Indian Prime Minister Narendra Modi’s statement on the Israel-Hamas crisis that unfolded over the weekend was unequivocal. Modi tweeted on X, “deeply shocked by the news of terrorist attacks in Israel. Our thoughts and prayers are with the innocent victims and their families. We stand in solidarity with Israel at this difficult hour.” Indian Foreign Minister S. Jaishankar retweeted the statement. The statement and its speed were striking. Until as recently as 1992, India had no diplomatic relationship with Israel. Furthermore, India is not a country known to be quick to choose sides in a crisis.
Modi’s statement shows how far the India-Israel relationship has come. For many years after India’s independence from the United Kingdom in 1947, Israel was extremely enthusiastic about establishing a close relationship with India. However, for more than four decades, India refused to respond to Israel’s overtures. Jawaharlal Nehru and other Indian anti-colonial leaders, scarred by their experience of Partition and the creation of Pakistan—the first country to be founded on the basis of religious nationalism—were fundamentally opposed to the idea of a state created based on Zionism. Moreover, they were highly sympathetic to the Palestinian cause and saw the plight of the Palestinians as a direct consequence of British imperialism. As a result, while India recognized the establishment of Israel in 1950, it refused to start a formal diplomatic relationship. In the ensuing years, India’s condemnation of Israel continued even though Israel extended India (limited) military support in its wars with Pakistan and China, while the Arab states gave extensive, regular political and military support to Pakistan.
Once formal ties were established in 1992, defense and trade relations took off, and Israel quickly became India’s second-largest defense partner. However, the two nations still did not enjoy a close relationship. Ariel Sharon became the first Israeli prime minister to visit India in 2003, where he was treated to large protests by the Indian public. Furthermore, India regularly voted against Israel in the UN General Assembly.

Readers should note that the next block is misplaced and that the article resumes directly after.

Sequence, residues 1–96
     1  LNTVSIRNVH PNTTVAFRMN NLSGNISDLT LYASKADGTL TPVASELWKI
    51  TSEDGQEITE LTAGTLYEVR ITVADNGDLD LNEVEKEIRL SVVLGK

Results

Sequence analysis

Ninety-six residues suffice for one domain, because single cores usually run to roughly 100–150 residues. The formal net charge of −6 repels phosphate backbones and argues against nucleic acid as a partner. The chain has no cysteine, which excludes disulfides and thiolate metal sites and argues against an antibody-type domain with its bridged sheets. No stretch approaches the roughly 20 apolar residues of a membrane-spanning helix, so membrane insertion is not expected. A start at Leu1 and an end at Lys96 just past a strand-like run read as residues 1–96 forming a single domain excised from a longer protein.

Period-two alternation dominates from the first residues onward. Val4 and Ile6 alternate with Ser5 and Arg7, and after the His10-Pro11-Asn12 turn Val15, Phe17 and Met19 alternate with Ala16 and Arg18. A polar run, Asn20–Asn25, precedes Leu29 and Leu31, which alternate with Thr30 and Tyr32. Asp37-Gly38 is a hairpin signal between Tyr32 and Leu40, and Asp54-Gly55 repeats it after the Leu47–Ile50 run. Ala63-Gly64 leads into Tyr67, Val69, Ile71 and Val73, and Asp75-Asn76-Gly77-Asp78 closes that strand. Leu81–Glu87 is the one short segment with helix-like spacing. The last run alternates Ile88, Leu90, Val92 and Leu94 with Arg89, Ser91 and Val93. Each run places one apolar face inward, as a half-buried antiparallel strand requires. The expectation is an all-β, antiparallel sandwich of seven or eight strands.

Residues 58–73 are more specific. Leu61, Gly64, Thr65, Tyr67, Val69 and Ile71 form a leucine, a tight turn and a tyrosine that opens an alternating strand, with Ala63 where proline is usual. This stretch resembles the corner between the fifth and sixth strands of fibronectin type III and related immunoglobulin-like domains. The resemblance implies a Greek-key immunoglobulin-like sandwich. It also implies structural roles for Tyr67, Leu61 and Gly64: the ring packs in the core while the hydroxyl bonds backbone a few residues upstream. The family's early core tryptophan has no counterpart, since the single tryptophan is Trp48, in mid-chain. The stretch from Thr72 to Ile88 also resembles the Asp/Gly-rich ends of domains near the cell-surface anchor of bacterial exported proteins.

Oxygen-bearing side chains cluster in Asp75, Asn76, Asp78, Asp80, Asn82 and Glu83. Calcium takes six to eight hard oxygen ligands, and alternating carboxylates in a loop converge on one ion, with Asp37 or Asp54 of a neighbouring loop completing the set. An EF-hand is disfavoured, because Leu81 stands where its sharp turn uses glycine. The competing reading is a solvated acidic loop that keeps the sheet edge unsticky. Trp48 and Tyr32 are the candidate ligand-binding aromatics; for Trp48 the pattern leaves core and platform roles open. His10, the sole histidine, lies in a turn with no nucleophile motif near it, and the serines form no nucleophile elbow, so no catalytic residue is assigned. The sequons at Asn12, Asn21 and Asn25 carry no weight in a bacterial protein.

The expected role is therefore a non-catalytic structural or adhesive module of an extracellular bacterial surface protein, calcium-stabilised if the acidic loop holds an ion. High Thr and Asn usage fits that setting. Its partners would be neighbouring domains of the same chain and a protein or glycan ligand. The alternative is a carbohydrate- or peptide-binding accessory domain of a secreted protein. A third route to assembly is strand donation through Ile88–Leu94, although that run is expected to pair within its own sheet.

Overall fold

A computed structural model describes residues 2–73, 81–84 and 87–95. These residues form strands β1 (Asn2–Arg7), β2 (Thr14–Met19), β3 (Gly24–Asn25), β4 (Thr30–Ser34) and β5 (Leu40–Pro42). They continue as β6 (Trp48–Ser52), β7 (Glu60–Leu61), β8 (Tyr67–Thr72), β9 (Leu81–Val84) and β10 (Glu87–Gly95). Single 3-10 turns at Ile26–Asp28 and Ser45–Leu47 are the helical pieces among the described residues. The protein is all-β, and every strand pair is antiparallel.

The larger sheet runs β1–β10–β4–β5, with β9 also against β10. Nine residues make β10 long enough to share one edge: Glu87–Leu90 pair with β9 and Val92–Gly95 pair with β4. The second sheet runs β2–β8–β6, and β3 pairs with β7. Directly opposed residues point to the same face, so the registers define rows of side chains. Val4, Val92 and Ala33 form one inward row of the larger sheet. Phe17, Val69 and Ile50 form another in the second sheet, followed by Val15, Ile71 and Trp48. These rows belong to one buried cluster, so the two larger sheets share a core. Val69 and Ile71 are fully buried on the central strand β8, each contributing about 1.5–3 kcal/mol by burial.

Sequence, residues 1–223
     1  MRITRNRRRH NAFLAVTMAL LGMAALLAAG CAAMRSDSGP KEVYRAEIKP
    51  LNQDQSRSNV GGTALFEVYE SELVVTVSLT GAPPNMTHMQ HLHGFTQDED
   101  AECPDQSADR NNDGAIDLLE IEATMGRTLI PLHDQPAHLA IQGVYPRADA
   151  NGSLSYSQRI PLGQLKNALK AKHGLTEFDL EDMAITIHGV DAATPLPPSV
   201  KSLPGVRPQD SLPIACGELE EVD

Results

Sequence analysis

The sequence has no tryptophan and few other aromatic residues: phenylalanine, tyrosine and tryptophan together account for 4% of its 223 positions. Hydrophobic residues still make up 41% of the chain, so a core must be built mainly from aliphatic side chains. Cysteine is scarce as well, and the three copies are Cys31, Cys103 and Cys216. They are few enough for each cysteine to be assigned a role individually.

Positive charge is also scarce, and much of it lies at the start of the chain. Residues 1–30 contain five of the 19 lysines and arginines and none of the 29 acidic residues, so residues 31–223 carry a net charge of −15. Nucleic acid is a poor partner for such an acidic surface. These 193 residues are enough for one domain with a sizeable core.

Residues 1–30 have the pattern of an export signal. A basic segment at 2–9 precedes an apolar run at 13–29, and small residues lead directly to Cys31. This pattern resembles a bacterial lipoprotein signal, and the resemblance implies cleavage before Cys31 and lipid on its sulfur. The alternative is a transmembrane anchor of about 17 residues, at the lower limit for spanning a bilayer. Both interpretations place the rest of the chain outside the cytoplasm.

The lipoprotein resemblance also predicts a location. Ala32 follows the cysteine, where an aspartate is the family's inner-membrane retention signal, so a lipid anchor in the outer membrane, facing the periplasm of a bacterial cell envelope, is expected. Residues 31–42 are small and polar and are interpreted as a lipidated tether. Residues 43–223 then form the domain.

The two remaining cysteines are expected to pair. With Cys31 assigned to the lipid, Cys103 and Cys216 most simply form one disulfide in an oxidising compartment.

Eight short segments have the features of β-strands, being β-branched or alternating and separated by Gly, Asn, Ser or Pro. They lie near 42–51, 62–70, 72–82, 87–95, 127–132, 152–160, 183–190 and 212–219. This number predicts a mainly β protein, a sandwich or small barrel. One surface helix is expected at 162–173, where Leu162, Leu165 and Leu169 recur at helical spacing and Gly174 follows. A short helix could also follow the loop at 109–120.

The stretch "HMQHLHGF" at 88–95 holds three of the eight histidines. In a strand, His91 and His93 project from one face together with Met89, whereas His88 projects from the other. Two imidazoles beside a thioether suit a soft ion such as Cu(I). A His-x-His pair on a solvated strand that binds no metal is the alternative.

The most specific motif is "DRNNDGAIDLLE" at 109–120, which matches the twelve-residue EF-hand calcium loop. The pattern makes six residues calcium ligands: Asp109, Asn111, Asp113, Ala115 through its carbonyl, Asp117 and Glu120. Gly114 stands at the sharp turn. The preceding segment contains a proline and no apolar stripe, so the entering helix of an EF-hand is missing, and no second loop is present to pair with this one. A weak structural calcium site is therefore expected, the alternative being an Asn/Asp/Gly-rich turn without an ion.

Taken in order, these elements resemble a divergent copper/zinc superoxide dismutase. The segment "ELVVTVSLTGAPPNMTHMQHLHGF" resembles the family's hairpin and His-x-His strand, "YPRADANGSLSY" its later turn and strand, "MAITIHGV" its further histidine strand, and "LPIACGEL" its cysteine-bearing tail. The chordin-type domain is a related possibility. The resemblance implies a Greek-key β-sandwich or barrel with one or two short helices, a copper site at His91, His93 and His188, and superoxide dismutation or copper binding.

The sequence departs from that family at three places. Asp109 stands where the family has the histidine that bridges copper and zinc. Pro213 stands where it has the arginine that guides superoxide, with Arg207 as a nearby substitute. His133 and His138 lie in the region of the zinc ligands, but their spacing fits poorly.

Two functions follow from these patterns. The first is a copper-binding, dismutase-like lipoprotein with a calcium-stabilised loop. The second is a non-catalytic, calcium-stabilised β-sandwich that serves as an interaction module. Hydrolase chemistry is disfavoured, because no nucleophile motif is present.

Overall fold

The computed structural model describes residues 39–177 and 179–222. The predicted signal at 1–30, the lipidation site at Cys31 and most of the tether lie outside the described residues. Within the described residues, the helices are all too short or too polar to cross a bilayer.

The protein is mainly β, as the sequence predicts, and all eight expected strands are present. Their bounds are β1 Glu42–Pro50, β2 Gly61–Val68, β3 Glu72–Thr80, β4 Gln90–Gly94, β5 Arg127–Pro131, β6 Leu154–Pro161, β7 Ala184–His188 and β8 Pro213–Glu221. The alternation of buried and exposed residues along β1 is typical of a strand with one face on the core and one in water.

But after Modi’s election in 2014, the relationship began to take a friendly turn. In 2015 and 2016, India abstained from a UN vote that discussed whether Israel should be brought before the International Criminal Court for its alleged war crimes during the 2014 crisis in Gaza. In 2017, Modi became the first Indian prime minister to ever visit Israel. Today, the relationship spans a broad spectrum, from tourism to defense. Some have even argued that Modi’s Bharatiya Janata Party’s brand of Hindu nationalism and Israeli Prime Minister Benjamin Netanyahu’s right-wing Likud and its alliance with far-right ultranationalists have a common ethnonational, anti-Muslim ideology that has drawn the two countries closer together.
However, even with these developments, Modi’s statement on Israel and how quickly he offered Israel support remain noteworthy. India has excellent relations with Saudi Arabia and the Middle East. Publicly, India still supports the Palestinian cause, hosting Palestinian President Mahmoud Abbas in New Delhi in 2018. But India’s geopolitical situation and domestic politics have changed. Not only does it have a close relationship with Israel, but India is today a close strategic partner of the United States, a staunch Israeli ally. Stability in the Middle East is important to India because, in addition to its relations with Arab nations, large numbers of the Indian diaspora reside and work in the region and send remittances home to family. Furthermore, India, itself extremely vulnerable to attacks by jihadist terrorist groups, understands Israel’s security concerns. Modi’s statement suggests that India has come to see its relationship with Israel as not just friendly, but even vital for its long-term strategic interests.